I used to think that dreams were the all encompassing guide to the arch of a lifetime. That one dream sustained a person. But I have found myself on a journey much larger than myself. I laugh when I reflect on how I thought the Camino de Santiago was the journey. It is funny that consumer America conditioned me to believe that personal transformation could be an extended vacation. Or that journeys have a beginning and end date. Perhaps it was the writer in me that wanted a beautiful beginning, middle and end. The setup, conflict and resolution.
Sooner or later we must realize there is no station, no one place to arrive at once and for all. The true joy of life is the trip.
— Robert J. Hastings
I used to think that dreams were just a vision of the future. Kind of like a goal only so big it was hard to see the full picture. But I have come to see that in order to dream you often have to say painful goodbyes. To dream we have to let go of expectations, failures, and familiar ways of being. Dreaming is equal parts building the new and letting go of the old.
Dream no small dreams for they have no power to move the hearts of men.
– Johann Wolfgang von Goethe
After attending the American Family Therapy Academy conference I found myself in this place. A place where perhaps the dream that lead me this far no longer fits or at least needs modification. It has been my intent to build a private practice that provides the community with such a valuable service that it would draw people in. I could become a supervisor and educate consumers and other therapists about the power of a systemic perspective. Most of all, I am on a mission to empower people to take control of their mental health by asking questions and finding a therapist based on fit and excellence… not just because insurance pays for it.
As I have pursued self funded research and began to build this practice I have realized… I don’t find the same passion and fire working with people one on one week after week. I LOVE to change people’s lives. And I LOVE challenging myself to do my absolute best work. However, if I were to have a full practice and making a comfortable income, how would I be impacting the field of marriage and family therapy? How would I have time to write, connect with academic faculty, collaborate, and paint the vision I have for the field? How could I inspire the next generation of therapists who are coming into a broken and fading mental health system?
It was my dream to show up at the AFTA conference and blow people away with two master’s level therapists caring so deeply about the field that they still pursue research and excellence. I believed this would challenge academic faculty that I felt often spits out crappy studies to secure paychecks. It would be a “what now?!?” to a field directed by much older semi-retired therapists who have endured so much change they have struggled to adapt to the world we live in today.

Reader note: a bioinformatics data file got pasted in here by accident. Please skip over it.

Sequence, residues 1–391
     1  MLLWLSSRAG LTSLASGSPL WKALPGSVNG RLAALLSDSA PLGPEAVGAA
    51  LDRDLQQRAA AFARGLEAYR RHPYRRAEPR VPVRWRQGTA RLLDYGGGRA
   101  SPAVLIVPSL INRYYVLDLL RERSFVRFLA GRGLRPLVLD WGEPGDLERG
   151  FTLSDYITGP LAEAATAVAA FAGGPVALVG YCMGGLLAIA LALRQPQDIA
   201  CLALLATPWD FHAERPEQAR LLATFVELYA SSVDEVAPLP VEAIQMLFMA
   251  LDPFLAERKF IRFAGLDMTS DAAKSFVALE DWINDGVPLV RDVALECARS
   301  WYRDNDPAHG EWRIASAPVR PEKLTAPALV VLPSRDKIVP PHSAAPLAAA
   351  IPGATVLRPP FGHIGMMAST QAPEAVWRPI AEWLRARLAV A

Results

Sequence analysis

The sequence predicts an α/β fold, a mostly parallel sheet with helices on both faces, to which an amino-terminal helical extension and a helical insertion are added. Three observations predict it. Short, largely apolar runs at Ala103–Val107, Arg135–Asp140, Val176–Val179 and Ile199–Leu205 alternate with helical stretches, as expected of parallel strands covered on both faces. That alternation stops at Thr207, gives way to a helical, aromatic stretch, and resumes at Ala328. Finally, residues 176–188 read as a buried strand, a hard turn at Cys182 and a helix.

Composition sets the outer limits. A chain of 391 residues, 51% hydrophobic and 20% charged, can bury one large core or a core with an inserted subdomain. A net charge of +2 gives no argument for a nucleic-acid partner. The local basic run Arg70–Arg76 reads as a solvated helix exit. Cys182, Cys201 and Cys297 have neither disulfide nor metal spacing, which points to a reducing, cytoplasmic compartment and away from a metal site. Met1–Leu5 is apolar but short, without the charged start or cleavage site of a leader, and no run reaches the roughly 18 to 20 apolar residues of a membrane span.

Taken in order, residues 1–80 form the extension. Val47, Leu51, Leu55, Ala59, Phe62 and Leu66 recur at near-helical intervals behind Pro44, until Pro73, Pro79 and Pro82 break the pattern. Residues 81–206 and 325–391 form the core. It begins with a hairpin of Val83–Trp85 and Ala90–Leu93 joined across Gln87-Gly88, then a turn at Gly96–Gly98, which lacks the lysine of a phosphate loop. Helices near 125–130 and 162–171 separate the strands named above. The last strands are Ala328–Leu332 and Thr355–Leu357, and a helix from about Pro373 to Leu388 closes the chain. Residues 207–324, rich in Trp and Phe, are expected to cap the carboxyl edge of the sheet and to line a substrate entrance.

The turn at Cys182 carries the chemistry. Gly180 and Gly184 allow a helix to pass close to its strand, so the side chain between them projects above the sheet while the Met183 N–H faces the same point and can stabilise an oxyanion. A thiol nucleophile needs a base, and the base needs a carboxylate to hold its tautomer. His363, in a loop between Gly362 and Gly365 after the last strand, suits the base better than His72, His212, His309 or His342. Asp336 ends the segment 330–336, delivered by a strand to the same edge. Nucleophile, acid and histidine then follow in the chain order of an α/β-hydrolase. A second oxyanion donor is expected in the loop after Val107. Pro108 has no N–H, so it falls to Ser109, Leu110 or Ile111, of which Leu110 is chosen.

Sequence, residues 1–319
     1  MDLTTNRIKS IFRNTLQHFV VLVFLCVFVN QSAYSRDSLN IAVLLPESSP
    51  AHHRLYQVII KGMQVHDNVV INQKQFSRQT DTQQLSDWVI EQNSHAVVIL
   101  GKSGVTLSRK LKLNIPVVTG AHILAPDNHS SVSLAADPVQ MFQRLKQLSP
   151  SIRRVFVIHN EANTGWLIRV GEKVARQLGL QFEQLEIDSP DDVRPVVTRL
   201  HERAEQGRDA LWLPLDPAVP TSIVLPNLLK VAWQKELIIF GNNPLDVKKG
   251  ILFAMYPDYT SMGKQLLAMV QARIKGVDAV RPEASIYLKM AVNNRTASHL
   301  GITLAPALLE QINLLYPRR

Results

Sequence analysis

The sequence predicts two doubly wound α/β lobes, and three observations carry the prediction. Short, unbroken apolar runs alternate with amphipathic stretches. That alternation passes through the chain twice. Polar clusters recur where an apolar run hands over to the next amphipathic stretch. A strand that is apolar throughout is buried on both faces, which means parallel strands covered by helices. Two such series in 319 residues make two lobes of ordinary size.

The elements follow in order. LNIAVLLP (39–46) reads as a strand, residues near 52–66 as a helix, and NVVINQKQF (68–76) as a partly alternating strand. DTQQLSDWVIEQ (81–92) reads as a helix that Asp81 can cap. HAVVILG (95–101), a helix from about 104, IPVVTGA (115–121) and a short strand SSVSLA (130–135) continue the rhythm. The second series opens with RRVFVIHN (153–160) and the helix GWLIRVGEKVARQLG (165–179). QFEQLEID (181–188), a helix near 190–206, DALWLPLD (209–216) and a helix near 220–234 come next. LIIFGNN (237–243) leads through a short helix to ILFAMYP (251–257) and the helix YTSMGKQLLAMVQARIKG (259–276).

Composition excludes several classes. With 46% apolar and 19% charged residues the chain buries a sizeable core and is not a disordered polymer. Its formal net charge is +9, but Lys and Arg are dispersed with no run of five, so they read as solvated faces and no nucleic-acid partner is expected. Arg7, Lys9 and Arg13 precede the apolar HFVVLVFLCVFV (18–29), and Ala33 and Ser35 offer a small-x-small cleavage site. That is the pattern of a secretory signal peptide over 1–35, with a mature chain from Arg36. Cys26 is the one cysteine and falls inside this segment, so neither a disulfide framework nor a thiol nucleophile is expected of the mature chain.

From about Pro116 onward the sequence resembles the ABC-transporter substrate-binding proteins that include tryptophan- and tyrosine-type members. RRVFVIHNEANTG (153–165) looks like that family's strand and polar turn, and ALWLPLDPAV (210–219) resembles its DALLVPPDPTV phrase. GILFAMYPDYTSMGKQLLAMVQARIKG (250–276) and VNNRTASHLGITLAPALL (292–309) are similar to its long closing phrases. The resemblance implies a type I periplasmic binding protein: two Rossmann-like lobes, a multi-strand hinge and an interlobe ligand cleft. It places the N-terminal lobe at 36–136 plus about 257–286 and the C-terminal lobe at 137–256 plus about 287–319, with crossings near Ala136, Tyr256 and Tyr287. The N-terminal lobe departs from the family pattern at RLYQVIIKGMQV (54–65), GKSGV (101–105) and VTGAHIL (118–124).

But instead, I got the challenge! Here were all of these incredible people making steady income, pursuing their passions, and having amazing conversations about how to better the field in ways that had not even occurred to me. I felt so silly. I had lumped academia into the wrong category. And those assumptions were not based on ignorance, I have been to other conferences, and I have seen what my field continues to lobby for in politics. But AFTA was amazing!!!
Another factor that always held Michael and I back is that we both really want to pursue PhDs. I mean, if we are going to move and live the college life, we might as well. However, paying cash for two masters degrees over 5 years was a lot of work. Looking at the numbers for two PhDs in only 3 years made us both faint!
It turns out the PhD level of our field is different though. It is so small that there are more assistantship and scholarship opportunities than we could have ever imagined.
So suddenly we have found ourselves looking at the very real possibility of moving away from Bend (hopefully only for a couple years!) to pursue a PhD in Marriage and Family Therapy. This would catapult us both into supervisor, professor, and research positions that were going to take years to create for ourselves. Not only that but we would also be better able to discuss research and critique research, a skill we didn’t realize we were lacking until the AFTA conference.
I am totally laughing as I am writing this because, between you and me, I thought that going to the AFTA conference would make Michael see things my way. I have been telling him that we can create all the opportunity we want in our private practice and that, “we don’t need to pay some old white dude to give us another credential” (unfortunately my exact words)…. haha marriage is hilarious! I wish I had a dollar for every time I was wrong! I am so lucky to have such an amazing and patient husband.
I have found myself dizzy for the past few weeks trying to take in all this new information and digest the experience. It has also left me reconceptualizing Cascadia Family Therapy. It may not close… but it is going to take some creativity to recalibrate and organize life around a potential two year hiatus.
The journey continues….
The key to realizing a dream is to focus not on success but significance – and then even the small steps and little victories along your path will take on greater meaning. – Oprah Winfrey